There was a parking lot with some security guards at the entrance. Once inside there was an area specifically designated for bike parking, but it was a little weird, there was almost nothing to lock your bike to. So, people made the best use they could of the poles and fence that was available, and there was definitely a lot of creative use of vertical space. I kept thinking how rad it would have been to have the Atlanta Bike Coalition Bike Valet here. Baltimore people, if someone isn’t doing a bike valet for big events around town, here is your opportunity to get in the game.
The rest of the lot was filled with food trucks, a dj, and they were selling beer! Really?! I love it. The afterparty scene was super cool. so much so that I would be willing to bet that about 80% of the people who started the ride, finished the ride. How awesome is that?
Yeah man, it was packed. Packed enough that the smart money said to buy more than one beer from the beer line, which was a good strategy, but even when I did have to get back in line, it ran pretty fast. I reaaaally should have tried some of the food from the food trucks. You Atlanta people know how the whole food truck thing has had it’s ups and downs, and they aren’t as ubiquitous in the A as they are in some cities which is too bad.
As I had said earlier I was pretty stoked to see a lot of BMX representation at the ride, but there was one group who really killed it by bringing out the proper vintage gear. They were running a Schwinn Apple Crate, two Hutch Trick Stars, a Skyway 26″ and a GT which I can’t recall as a 24″ or 26″ but it was definitely not 20″. All of these rides were super clean and well done. I talked with the guy in the pic for a while but by this point I had had a few beers so I don’t remember his name. Great crew of people though.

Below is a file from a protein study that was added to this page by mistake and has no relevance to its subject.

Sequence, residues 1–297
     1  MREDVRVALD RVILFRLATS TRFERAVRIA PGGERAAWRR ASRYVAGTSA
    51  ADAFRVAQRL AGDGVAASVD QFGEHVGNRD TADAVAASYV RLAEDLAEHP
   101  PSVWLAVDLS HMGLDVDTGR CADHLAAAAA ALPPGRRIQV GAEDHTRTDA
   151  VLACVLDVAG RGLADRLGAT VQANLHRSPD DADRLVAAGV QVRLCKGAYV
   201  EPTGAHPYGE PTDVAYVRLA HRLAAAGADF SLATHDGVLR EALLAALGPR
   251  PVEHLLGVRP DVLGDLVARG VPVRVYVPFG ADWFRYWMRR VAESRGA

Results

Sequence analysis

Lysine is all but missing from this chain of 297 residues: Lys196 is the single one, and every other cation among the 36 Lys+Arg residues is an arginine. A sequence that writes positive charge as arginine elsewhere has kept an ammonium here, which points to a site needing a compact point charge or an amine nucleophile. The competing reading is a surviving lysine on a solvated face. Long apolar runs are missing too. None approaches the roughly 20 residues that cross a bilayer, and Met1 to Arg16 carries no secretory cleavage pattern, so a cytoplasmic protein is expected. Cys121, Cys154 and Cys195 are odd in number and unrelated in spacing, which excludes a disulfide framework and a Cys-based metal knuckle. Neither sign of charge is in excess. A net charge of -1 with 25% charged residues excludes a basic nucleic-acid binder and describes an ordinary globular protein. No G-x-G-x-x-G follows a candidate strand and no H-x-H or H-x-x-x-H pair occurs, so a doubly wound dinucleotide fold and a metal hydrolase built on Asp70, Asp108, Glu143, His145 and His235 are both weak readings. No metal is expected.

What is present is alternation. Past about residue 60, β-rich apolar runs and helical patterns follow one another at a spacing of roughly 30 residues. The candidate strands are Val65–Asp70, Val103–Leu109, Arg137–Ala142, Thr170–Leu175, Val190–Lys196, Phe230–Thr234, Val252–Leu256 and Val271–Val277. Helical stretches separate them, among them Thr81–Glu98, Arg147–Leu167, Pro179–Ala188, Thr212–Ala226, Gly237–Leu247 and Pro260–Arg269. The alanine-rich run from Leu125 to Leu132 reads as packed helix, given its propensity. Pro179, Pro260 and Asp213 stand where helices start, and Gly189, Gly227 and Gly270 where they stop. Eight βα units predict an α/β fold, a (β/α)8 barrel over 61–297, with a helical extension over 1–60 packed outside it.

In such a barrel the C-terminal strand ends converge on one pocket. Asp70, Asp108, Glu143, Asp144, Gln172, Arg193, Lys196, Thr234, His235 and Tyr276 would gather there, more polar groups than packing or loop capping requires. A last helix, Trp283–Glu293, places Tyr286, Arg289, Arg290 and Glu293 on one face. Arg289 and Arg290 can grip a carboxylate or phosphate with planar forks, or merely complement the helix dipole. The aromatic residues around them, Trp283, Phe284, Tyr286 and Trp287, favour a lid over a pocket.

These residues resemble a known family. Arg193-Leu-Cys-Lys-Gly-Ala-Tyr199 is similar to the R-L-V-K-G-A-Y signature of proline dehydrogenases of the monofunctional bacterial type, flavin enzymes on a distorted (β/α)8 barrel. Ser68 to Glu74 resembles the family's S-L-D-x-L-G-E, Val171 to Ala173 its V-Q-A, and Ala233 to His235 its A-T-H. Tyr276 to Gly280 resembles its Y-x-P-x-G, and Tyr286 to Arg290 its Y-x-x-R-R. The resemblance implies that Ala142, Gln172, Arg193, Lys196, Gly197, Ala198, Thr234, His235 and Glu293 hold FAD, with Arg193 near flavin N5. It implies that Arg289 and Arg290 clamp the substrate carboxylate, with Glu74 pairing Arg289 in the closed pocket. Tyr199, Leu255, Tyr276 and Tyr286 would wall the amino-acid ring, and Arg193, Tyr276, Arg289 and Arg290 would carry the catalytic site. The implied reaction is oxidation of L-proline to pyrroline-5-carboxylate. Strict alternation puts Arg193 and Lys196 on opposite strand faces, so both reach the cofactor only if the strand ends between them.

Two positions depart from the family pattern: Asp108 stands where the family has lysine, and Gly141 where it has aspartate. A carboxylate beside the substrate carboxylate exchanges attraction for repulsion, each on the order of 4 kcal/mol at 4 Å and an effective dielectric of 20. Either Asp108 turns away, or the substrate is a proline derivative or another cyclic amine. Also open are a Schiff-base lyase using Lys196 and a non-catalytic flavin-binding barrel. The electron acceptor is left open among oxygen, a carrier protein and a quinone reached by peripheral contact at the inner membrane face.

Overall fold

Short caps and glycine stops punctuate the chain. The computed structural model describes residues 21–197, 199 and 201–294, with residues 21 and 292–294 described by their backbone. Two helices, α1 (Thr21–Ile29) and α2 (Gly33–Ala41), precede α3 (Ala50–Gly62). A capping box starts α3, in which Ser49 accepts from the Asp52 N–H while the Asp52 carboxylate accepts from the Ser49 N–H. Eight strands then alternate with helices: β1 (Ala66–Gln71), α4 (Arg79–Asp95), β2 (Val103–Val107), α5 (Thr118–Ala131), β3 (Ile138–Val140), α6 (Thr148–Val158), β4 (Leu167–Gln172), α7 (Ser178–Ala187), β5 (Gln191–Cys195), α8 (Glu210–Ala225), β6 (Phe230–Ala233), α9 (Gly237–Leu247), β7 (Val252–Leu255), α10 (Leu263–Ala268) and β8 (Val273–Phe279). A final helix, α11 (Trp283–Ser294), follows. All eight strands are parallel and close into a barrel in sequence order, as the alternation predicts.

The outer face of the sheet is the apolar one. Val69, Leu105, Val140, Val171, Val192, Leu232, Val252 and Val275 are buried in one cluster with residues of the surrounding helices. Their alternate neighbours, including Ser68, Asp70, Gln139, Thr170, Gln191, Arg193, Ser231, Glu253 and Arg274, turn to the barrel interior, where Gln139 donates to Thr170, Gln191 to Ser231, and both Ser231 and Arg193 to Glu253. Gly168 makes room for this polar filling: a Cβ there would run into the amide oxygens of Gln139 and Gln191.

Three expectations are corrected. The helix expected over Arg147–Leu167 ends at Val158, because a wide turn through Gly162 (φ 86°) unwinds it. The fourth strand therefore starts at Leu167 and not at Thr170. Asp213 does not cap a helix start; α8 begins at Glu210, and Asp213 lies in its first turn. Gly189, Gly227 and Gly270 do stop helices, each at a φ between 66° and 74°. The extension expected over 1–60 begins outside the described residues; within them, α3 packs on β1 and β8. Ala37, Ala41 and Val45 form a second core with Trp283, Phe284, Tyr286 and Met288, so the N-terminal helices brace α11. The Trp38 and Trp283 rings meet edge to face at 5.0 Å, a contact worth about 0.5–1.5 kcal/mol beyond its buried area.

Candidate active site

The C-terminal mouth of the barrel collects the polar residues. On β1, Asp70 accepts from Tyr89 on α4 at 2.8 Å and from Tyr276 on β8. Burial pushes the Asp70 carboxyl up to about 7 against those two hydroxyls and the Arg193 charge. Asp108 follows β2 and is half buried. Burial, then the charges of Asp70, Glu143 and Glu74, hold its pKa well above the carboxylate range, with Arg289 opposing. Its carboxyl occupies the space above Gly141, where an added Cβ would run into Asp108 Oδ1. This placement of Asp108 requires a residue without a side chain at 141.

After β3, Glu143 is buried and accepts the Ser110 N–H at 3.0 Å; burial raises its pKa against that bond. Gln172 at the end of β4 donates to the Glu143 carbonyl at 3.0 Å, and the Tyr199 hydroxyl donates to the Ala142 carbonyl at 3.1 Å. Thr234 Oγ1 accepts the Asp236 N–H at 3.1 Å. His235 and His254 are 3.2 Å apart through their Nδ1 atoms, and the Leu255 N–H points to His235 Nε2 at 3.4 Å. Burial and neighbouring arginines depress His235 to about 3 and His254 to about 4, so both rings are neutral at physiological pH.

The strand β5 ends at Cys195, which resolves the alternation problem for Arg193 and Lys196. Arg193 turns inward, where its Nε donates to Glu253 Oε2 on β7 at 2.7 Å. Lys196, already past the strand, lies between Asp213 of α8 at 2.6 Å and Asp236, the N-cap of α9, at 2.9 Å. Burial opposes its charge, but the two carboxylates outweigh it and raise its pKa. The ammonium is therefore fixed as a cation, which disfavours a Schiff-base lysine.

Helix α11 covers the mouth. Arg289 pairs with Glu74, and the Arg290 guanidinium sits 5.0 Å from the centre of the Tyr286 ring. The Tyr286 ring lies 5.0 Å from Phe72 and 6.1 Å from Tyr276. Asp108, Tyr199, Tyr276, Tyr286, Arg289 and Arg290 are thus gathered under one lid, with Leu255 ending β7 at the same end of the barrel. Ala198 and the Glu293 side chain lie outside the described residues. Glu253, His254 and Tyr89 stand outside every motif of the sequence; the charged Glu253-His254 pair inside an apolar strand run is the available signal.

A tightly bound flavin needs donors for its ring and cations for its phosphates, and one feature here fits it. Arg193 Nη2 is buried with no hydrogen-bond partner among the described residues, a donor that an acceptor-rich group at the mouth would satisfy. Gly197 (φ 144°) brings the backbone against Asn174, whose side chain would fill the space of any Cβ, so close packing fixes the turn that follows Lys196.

The whole after party scene was just so good. I was chit chatting bike talk with my buddy and his crew who I had met at the halfway point, and probably could have stayed til they kicked people out, but I had to bail to go meet some other friends. I am imagining that at some point maybe someone got on the mic and awarded the best dressed prizes or something, I dunno.
When I set out to document my experience at BBP, I wanted to make sure that it did not come off as “Here is what we’re doing wrong in Atlanta”, because we aren’t doing it wrong. We do it our way, and we love it. I love it. But I knew there would be a lot of exciting and fun differences I wanted to relay. I had a pretty good idea of how it would be from following the BBP facebook page, and it was definitely what I thought it would be and more. The ride here reminded me a bit more of The Mobile Social back home. I guess the reason that I used so much comparison to CM is that since BBP happens the last friday of the month, to me it came across as “Baltimore’s version of Critical Mass”.